Conclusion

Because of the critical importance of how we think and feel about God, we need to make every effort to do the things that lead to a true knowledge of God.  We should study biblical images of God, balance the attributes of God and live consistently with what God has revealed about Himself.

Application:

• Choose one attribute of God from the list in the Exhibit “The Attributes of God.”   Read and meditate on the Scriptures listed on the Exhibit.

• Make a list of “pressure points” in your life; where your life experience conflicts with the truth.  Describe how recognizing this conflict can be beneficial to you.

 

ATTRIBUTES OF GOD

God’s Attributes We Can Share  

The characteristic of God whereby He is:

TRUTHFUL:  God is completely honest, genuine.  John 1:14, 14:6

FAITHFUL:  God is completely trustworthy and loyal to His children.  II Thessalonians 3:3; Isaiah 49:7; I Peter 4:19

LOVING:  God is unconditionally compassionate, caring and devoted toward us.  His ultimate love was demonstrated by Jesus on the cross. I John 3:16, 4:9-10

GOOD:  God is complete, right, excellent.  Luke 18:19; Exodus 33:19

PATIENT:  God demonstrates forbearance and endurance towards mankind.  II Peter 3:9

MERCIFUL:  God is actively good toward those in distress.  He does not treat them as they deserve because of their sin.  Romans 9:15-16; Exodus 33:19

HOLY:  God is totally pure, perfect and complete.  He is set apart and above all His creation.  Exodus 15:11; Isaiah 6:1-4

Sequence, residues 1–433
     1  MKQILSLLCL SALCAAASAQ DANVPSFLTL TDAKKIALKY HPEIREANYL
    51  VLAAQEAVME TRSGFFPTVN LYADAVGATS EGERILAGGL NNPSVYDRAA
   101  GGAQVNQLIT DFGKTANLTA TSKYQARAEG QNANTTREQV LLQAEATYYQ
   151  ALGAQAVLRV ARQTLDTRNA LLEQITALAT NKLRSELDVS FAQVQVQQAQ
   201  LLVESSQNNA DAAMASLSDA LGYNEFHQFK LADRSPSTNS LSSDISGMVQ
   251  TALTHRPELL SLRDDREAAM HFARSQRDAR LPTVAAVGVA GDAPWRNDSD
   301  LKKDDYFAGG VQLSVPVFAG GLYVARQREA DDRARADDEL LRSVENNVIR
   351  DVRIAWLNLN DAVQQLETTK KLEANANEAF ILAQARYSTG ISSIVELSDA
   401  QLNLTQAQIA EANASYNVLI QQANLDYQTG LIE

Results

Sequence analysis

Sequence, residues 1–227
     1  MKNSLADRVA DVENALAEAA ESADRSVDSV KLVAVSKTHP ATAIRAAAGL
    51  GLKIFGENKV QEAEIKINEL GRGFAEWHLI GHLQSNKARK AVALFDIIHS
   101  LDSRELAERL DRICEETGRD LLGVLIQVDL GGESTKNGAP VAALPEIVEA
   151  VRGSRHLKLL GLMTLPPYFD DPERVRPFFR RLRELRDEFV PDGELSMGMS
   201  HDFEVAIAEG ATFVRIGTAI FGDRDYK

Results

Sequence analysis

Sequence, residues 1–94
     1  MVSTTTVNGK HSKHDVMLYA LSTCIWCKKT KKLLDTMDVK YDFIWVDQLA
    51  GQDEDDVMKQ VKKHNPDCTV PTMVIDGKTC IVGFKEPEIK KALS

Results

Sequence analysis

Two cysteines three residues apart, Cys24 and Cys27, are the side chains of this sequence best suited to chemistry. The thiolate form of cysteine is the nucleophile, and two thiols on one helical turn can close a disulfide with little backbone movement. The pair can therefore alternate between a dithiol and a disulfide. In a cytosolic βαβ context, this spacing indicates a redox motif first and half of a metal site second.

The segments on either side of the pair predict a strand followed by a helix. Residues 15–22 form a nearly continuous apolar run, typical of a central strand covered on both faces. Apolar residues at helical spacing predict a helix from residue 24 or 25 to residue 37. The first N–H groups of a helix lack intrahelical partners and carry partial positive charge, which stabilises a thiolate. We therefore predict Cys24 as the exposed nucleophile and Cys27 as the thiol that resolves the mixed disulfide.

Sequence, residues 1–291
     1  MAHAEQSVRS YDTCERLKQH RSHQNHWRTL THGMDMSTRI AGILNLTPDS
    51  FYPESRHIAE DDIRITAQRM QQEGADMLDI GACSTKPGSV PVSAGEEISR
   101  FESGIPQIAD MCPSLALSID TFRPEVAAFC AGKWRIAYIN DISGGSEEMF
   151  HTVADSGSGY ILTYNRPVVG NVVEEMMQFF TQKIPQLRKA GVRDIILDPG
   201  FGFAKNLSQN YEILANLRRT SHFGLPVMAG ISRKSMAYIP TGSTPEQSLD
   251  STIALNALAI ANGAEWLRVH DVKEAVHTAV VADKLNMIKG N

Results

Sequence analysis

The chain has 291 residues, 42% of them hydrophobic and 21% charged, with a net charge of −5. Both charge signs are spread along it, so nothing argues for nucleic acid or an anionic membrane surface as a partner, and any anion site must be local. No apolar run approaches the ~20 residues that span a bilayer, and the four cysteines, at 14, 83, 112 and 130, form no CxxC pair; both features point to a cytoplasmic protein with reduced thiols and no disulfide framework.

JUST:  God always acts in a right and fair manner.  John 5:30; Psalms 89:14, 97:2

RIGHTEOUS:  God is morally perfect.  Psalms 89:14, 97:2

 

God’s Attributes We Can Never Share  

The characteristic of God whereby He is:

SPIRIT:  God is invisible, immaterial, does not have a body. Genesis 1:2; John 4:24; I Timothy 1:17; Colossians 1:15

SELF-EXISTENT:  God is everlasting; has no beginning and no end.  Exodus 3:14; Psalm 90:2

IMMUTABLE:  God is unchanging in His character and in His purposes.  Numbers 23:19; James 1:17; Hebrews 13:8

ETERNAL:  God is everlasting and immortal.  Psalm 90:2; Isaiah 40:28; I Timothy 1:17

INFINITE:  God is unlimited.  He is above time and space, unlike His creation. I Kings 8:27; Psalm 147:5; Jeremiah 23:24

OMNISCIENT:  God is all-knowing.  He knows Himself and all things perfectly (and exhaustively).  He knows all the possibilities and probabilities.  Psalm 139:1-4, 147:5; Isaiah 40:13,14

OMNIPOTENT:  God is all-powerful and almighty.  Isaiah 40:21-26; Jeremiah 32:17; Job 42:2; Matthew 19:26

OMNIPRESENT:  God is present everywhere at once. Psalm 139:7-12; Acts 17:24,27,28